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Insurance Claims for Theft Can Be Difficult to Prove


When we think of homeowner’s insurance claims, it is often damage to property caused by sinkholes, wind, leaks, or other non-human forces that come to mind. This is justifiable, because these are the causes of most homeowner’s insurance claims. But many insurance policies also cover theft, which makes such coverage the one kind of coverage that has a human element, and a human cause.

Why Theft Claims Are Different

The core problem with theft is that theft often depends on the intent of the wrongdoer, and whether the loss is a legal theft or not. Sometimes it’s obviously a theft, such as when a robber breaks into your home and steals your property.

But sometimes it isn’t so obvious. Take, for example, a married couple that is now separated. One spouse has moved out but still has property in the insured home. He or she gets into the home (without permission) and takes his or her things. Now it gets a little more difficult to determine whether or not there has been a legal, and insurable theft or not. In fact, the couple may even have a dispute over who owns the property.

Sometimes, people will deprive others of property temporarily. For example, assume you allow a homemaker to enter your home to clean. He or she cleans, then takes your laptop, uses it, damages it, and returns it. Was there a theft? The property was taken illegally, but the homemaker had permission to enter the property, and it was returned (in bad shape).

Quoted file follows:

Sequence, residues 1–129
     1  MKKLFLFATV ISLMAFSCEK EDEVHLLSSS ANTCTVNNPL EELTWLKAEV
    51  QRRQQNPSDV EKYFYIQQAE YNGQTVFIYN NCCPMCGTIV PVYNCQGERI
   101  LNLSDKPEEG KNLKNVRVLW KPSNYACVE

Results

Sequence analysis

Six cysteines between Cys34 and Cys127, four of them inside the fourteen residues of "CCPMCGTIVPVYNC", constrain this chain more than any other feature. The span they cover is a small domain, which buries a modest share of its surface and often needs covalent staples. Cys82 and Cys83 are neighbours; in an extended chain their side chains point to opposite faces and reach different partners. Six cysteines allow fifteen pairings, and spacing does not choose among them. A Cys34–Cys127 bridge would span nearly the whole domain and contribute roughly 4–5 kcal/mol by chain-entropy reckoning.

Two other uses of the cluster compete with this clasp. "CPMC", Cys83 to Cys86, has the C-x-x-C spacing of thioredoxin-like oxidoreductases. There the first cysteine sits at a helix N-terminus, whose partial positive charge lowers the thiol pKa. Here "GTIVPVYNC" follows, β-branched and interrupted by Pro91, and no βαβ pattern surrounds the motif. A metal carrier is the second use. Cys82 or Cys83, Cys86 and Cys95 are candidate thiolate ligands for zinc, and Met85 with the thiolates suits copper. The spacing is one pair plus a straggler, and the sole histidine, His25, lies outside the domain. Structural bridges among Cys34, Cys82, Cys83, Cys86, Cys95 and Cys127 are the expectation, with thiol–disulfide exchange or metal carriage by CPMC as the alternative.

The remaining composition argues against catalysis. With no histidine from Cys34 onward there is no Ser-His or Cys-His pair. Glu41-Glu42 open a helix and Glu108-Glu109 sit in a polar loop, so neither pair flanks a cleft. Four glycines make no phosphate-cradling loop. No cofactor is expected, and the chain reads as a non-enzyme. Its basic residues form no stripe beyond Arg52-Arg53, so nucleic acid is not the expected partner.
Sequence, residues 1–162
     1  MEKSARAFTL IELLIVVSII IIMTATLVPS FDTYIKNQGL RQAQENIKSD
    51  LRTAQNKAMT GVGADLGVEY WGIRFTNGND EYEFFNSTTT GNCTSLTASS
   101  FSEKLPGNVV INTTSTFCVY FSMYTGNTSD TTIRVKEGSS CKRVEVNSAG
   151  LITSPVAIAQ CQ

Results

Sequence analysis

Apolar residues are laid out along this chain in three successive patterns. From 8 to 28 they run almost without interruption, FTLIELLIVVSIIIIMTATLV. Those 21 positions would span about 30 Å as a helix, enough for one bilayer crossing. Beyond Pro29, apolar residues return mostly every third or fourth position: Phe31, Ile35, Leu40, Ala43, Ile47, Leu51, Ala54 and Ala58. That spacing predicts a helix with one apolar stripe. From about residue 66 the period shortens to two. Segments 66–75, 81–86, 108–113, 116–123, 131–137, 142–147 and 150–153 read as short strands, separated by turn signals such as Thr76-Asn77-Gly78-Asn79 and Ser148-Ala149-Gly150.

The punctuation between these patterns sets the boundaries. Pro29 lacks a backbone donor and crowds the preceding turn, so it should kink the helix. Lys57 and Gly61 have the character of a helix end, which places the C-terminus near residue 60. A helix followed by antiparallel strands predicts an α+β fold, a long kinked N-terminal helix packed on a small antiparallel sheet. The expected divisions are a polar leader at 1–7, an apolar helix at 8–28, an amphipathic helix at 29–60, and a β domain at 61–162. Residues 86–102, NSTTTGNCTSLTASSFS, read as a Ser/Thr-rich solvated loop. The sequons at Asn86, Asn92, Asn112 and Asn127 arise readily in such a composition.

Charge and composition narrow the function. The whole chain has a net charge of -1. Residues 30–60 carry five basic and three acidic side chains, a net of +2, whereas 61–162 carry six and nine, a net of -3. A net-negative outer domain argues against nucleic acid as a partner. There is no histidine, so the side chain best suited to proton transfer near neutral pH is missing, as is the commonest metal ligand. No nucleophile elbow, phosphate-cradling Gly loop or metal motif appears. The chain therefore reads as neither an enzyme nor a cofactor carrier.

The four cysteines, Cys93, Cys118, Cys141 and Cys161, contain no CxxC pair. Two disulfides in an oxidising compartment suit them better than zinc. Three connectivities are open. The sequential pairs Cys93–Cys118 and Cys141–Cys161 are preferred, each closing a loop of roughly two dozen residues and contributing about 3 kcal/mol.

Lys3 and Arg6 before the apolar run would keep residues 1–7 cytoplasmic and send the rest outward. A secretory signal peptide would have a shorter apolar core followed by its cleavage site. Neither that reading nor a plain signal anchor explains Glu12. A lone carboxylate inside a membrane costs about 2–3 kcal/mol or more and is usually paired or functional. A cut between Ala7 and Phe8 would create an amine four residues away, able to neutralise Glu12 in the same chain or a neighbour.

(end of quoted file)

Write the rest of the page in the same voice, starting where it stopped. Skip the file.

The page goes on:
Courts Define Theft

Florida law has established that to be a theft under insurance law when theft is covered under a homeowner’s insurance contract, the insured must show that the wrongdoer took property with the intent to permanently deprive the owner of the property (or took actions which would reasonably permanently deprive the owner of the property), and that he or she did so without consent.

However, this legal definition can be modified by the terms of your insurance contract. For example, some policies allow for more leeway, including “disappearance” or “mysterious disappearance” as a theft. In that case, all the homeowner needs to show is that the property is gone without reasonable explanation—no intent to permanently deprive the owner need be shown by the insured.

Florida’s Criminal Laws

If there is no policy definition, courts will sometimes just look to whether the disappearance of property would be a theft under Florida’s criminal laws. Remember that Florida criminal laws have numerous kinds of theft—larceny, embezzlement, breaking and entering, and others. That can sometimes create even more confusion. Some forms of theft may require showing the element of intent, or the intent to permanently deprive, but some may not.

Your homeowner’s insurance policy covers not just loss to the physical elements of your property, but also to the property inside your home. Make sure that you have proper coverage if the insurance company tries to deny you benefits that you are entitled to. Contact the Miami property damage insurance attorneys at Velasquez & Associates P.A. today with any questions you may have.





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